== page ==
Once you figure out, all the things that are making the rabbit get angry and scared, calm it well.
You can offer it different treats, speak to the rabbit gently and softly. If a rabbit is responding to you, then pet it with gentle strokes on its head or where it wants to be petted.
If the rabbit is not responding to your gentle voice and soft touches and does not want you to come close, it is better to leave it alone in the room.
Before leaving the room, dim the lights and make sure there is no extra thing that could scare the rabbit, and remove all such sort of things carefully.
Give your rabbit to calm down alone in that room, where it feels safe and protected.
Discipline your Rabbit
Discipline a rabbit, it is not in that way what you are thinking of. Rabbits are not trained animals. You have to discipline them without getting panicked.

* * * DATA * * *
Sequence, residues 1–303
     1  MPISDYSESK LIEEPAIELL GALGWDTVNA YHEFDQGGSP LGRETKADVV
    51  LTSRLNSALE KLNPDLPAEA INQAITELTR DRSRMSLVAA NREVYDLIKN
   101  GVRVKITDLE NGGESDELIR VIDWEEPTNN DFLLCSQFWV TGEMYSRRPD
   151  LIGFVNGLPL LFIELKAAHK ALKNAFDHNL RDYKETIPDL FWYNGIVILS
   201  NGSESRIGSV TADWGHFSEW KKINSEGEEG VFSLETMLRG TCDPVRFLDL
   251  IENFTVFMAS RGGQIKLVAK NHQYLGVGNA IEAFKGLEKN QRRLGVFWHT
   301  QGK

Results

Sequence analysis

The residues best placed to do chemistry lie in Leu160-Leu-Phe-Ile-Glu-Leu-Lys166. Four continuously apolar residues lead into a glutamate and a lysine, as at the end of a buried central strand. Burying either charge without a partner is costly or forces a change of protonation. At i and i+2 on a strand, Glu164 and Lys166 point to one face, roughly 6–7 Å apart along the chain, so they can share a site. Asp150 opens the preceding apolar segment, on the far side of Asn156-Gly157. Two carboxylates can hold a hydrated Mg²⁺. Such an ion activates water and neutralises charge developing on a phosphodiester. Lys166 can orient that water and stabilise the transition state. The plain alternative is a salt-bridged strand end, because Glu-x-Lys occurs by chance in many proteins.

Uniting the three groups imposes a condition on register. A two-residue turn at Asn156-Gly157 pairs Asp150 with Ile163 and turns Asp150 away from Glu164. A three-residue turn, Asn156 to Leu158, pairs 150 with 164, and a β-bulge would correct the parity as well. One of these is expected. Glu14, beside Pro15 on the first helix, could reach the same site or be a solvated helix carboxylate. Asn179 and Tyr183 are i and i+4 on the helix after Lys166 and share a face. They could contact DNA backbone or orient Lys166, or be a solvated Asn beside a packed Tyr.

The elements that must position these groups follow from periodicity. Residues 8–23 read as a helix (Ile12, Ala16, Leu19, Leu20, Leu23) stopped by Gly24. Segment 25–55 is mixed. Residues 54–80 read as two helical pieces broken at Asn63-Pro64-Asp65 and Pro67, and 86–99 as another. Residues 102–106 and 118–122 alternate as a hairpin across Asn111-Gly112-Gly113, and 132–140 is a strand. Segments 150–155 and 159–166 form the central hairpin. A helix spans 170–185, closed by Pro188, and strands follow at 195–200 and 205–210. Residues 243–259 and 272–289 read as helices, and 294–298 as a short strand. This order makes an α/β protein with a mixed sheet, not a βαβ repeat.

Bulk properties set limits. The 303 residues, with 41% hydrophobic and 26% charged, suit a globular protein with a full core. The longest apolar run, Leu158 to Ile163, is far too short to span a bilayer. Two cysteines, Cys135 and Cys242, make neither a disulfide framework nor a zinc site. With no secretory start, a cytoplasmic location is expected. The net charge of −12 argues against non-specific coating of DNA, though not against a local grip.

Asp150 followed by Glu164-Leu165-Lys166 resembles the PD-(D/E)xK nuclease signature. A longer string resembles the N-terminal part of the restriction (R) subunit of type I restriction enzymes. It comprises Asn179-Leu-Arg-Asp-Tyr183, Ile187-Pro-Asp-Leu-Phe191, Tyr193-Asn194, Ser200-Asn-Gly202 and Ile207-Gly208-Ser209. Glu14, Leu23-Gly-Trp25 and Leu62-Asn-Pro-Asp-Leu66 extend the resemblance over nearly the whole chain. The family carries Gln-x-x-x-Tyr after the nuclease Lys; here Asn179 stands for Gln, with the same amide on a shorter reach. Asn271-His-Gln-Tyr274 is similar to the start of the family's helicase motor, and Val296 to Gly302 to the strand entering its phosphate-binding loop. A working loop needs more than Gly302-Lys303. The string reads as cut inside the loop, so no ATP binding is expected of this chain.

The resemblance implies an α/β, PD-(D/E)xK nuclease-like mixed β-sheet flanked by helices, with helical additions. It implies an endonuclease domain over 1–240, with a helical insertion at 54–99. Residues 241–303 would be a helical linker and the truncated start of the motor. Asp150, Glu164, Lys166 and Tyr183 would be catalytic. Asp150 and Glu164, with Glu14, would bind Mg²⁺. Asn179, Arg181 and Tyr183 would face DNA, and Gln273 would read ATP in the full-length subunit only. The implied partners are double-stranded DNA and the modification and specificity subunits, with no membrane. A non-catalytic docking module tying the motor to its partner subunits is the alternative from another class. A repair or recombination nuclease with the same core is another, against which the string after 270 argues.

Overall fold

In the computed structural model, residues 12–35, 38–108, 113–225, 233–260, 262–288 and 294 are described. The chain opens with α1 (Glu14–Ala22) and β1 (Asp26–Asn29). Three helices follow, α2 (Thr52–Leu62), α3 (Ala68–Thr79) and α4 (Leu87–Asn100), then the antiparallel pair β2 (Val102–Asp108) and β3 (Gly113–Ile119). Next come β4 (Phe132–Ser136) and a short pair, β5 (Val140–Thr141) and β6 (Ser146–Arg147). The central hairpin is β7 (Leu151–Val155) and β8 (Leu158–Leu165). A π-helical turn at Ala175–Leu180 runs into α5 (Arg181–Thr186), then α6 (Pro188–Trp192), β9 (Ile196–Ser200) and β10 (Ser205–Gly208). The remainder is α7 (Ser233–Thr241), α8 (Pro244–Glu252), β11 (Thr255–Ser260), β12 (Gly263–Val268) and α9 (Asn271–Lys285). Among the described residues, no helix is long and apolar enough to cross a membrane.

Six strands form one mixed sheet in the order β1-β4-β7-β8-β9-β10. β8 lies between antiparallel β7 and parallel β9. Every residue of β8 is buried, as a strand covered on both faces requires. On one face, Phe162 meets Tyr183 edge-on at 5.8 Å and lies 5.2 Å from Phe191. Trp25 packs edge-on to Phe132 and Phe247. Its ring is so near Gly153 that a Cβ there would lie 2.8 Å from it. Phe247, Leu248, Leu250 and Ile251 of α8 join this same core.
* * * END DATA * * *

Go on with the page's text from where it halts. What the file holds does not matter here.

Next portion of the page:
You do not have to hit the rabbit to discipline them. Physical discipline does not work.
This will cause the rabbit to fear you, as a result, which causes the rabbit to bite or attack you.
The better way to discipline the rabbit is to remove rewards.
For example; when you are playing with the rabbit and it bites you, make a loud squeal and stop playing, this will let the rabbit know that it hurts you.
Stop giving it a treat, so it will know if it does this again then you will not play with it.
If your rabbit is playing nicely, then give him the treat, that’s how a rabbit will know that if it plays like this, then you offer him the treat, and do not bite again.
Why do Rabbits Nibble?
Nibbling, also sometimes referred to as nipping, can be a show of affection.